Caerphilly, Merthyr, RCT and Wrexham agree council tax rises

Protesters outside county hall in Powys
Image caption About 100 demonstrators gathered to protest against cuts by Powys council

Increases of up to 4.5% in council tax and cuts in services have been approved by four Welsh councils.

At meetings on Wednesday, Caerphilly approved plans for a council tax rise of 3.9% and Wrexham a lower 3% rise.

Merthyr Tydfil council agreed a 3.95% council tax hike and Rhondda Cynon Taf agreed an increase of 4.5%.

Councils in Wales have had their funding from the Welsh government cut, and many are looking to increases in council tax to meet the deficit.

Caerphilly council must cut its budget by £14.53m this year, and more than £28m during the next three years.

Proposals which include increasing paperwork charges and reducing the frequency of cutting grass in civic areas were also agreed.

Commenting on the 3.9% council tax increase, deputy council leader Keith Reynolds said: "While admittedly this increase is higher that we would have liked, it is important to note that it still makes Caerphilly's council tax increase among the lowest in Wales."

Wrexham council needs to save nearly £14m this year and £45m over five years.

It has agreed a council tax increase of 3%, and plans to save money by closing some community centres, libraries and the Plas Madoc leisure centre and Waterworld - which have led to protests.

Plas Madoc is set to close by the end of April.

The council's executive board meet on 11 March to decide if the time for interested parties to consider taking the venue over as a social enterprise should be extended from June to October.

Rhondda Cynon Taf has said it needs to save £70m during four years. There have already been protests against plans to increase the age the youngest children start school, close libraries and shut day care centres for the elderly.

The council has also consulted on a further round of cuts, which include closing a theatre, museum, bus routes and switching off street lights.

An increase of 4.5% in council tax has been approved.

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Media captionWrexham council needs to save £45m over the next five years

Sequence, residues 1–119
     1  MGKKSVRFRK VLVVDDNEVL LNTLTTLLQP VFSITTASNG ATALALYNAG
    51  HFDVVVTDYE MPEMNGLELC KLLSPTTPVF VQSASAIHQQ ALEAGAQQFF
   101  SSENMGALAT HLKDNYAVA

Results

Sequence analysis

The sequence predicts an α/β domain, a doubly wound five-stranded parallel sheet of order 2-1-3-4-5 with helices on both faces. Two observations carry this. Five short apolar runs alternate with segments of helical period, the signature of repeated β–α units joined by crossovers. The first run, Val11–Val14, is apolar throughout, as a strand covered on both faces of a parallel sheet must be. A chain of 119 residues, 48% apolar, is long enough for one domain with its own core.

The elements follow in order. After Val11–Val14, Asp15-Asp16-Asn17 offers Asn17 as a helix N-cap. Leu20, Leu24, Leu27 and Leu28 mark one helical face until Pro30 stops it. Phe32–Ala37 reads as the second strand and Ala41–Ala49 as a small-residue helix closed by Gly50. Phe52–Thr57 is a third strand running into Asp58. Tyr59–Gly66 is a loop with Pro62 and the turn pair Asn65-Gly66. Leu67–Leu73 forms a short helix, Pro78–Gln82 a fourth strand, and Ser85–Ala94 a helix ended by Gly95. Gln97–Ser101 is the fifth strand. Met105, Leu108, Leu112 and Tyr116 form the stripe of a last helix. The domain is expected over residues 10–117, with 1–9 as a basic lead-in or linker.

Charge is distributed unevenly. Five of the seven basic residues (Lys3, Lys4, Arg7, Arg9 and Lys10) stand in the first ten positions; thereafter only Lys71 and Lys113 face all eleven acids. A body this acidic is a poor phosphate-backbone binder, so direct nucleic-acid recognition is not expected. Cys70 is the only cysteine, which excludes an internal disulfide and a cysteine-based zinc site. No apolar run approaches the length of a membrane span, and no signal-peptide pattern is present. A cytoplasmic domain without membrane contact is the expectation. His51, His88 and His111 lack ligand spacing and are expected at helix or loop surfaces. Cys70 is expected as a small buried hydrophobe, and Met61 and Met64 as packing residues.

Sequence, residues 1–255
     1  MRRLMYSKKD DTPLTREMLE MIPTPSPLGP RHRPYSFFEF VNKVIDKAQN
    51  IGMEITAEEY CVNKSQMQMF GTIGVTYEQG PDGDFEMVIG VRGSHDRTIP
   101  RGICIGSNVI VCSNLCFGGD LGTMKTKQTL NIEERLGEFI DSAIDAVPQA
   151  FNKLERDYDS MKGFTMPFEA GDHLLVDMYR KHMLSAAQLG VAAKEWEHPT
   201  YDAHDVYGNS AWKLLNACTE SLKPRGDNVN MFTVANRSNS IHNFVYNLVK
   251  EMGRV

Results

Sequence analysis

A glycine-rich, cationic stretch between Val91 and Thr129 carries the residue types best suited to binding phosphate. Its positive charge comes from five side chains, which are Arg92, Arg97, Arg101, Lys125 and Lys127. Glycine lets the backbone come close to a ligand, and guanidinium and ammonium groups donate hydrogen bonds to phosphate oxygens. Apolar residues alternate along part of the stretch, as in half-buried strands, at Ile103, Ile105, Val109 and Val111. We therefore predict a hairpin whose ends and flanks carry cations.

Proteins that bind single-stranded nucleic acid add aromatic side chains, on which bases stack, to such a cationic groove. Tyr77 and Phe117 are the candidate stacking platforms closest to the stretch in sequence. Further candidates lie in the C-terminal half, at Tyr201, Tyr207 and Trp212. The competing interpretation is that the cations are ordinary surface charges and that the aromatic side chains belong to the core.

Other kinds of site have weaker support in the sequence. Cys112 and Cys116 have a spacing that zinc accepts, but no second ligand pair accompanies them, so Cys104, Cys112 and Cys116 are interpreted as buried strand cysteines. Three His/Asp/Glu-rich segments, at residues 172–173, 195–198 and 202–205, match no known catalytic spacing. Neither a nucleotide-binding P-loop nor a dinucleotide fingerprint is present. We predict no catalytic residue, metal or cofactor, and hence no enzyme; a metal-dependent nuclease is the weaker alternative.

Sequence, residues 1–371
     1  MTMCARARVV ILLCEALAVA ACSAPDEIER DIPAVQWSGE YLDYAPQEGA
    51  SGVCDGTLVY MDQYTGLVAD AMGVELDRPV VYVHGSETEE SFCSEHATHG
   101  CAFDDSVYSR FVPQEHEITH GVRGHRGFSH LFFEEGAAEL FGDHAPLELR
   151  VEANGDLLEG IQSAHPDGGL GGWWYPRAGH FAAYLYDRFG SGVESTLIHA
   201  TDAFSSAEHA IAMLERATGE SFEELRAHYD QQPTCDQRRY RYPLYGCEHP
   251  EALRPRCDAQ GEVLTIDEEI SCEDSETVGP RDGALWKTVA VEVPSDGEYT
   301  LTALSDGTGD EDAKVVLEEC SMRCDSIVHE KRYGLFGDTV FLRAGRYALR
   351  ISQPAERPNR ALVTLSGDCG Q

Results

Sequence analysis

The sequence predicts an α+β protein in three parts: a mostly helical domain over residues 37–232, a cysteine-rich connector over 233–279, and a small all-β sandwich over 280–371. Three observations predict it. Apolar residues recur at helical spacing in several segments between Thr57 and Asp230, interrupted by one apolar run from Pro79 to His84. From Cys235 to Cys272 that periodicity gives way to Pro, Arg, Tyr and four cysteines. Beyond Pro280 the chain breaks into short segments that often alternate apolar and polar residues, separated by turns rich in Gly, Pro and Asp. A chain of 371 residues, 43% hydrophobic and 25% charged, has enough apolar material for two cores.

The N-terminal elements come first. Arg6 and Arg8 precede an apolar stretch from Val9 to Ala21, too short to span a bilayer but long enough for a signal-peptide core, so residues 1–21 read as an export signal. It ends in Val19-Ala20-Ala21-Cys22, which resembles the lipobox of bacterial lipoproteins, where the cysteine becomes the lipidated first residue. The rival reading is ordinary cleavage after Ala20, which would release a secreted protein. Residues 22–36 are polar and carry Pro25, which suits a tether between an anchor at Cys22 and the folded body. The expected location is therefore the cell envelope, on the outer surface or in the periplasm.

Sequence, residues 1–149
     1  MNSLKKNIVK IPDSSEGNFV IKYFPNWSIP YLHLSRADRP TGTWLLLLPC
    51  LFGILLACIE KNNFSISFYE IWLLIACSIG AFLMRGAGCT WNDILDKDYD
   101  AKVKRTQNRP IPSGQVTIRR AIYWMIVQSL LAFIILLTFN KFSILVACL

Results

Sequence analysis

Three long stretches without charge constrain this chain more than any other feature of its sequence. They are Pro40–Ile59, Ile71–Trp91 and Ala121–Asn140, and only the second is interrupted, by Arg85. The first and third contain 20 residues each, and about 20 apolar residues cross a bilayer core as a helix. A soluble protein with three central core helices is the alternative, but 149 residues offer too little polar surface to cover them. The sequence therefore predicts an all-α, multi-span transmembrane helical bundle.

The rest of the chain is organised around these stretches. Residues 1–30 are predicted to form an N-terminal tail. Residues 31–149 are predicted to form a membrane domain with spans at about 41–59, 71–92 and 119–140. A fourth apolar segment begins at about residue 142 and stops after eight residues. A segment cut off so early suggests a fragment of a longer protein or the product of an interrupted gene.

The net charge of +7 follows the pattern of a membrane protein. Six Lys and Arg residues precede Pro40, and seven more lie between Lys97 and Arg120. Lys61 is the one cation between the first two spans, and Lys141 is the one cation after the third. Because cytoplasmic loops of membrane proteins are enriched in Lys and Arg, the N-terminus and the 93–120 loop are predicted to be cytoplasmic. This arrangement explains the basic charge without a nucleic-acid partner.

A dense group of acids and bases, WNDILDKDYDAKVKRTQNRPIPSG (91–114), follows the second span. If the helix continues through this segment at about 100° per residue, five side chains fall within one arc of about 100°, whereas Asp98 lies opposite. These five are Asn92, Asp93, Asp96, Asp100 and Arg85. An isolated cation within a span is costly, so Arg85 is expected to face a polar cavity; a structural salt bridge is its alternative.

Merthyr Tydfil council needs to save £15.3m over four years.

It has decided on an increase of 3.95% in council tax. The budget plans include closing an elderly people's centre and reducing library opening hours.

The council meeting on Wednesday deferred a decision on controversial proposals to scrap free transport for sixth-form pupils.

The plan to remove post-16 free home-to-school and free home-to-college transport had been condemned by parents and pupils at Ysgol Gyfun Rhydywaun who claimed it would undermine Welsh-medium education.

Scrapping the post-16 transport would have saved £115,000 per year but there will now be a period of further consultation before any action is taken.

Cardiff council is meeting to discuss its budget and a 3.97% increase in council tax on Thursday.

Mandatory services

On Tuesday, Powys council shelved proposals for a £20m package of savings and 3.95% hike in council tax.

Plans to cut special education services and to raise day care centre charges were thrown out during a full council meeting in Llandrindod Wells which was disrupted by protesters. The decision has now been adjourned until next week.

Local government expert Dr Marlene Davies, Associate of the University of South Wales, told BBC Wales: "Councils have got mandatory services that they have to provide - education is a key one, social services is another - there is lots of legislation out there that requires these local government services.

"Usually a huge percentage is spent on these mandatory services, so there is only about 10% of their budgets where they can make savings.

"They can't even fall back on using their reserves as that is only a short-term fix. You need that money for contingency plans, things that happen like the floods or storm damage."

A Welsh government spokesperson said: "In these challenging financial times, councils need to be taking determined action to ensure services are maintained and improved while also giving people value for money from their council tax.

"We are already supporting councils to make savings, for example the National Procurement Service, which went live in November and is expected to generate savings of up to £25m each year.

"Funding is also available through the Invest to Save and the Regional Collaboration Funds, which help public services to work with each other to transform services by meeting upfront costs which could otherwise be a barrier."

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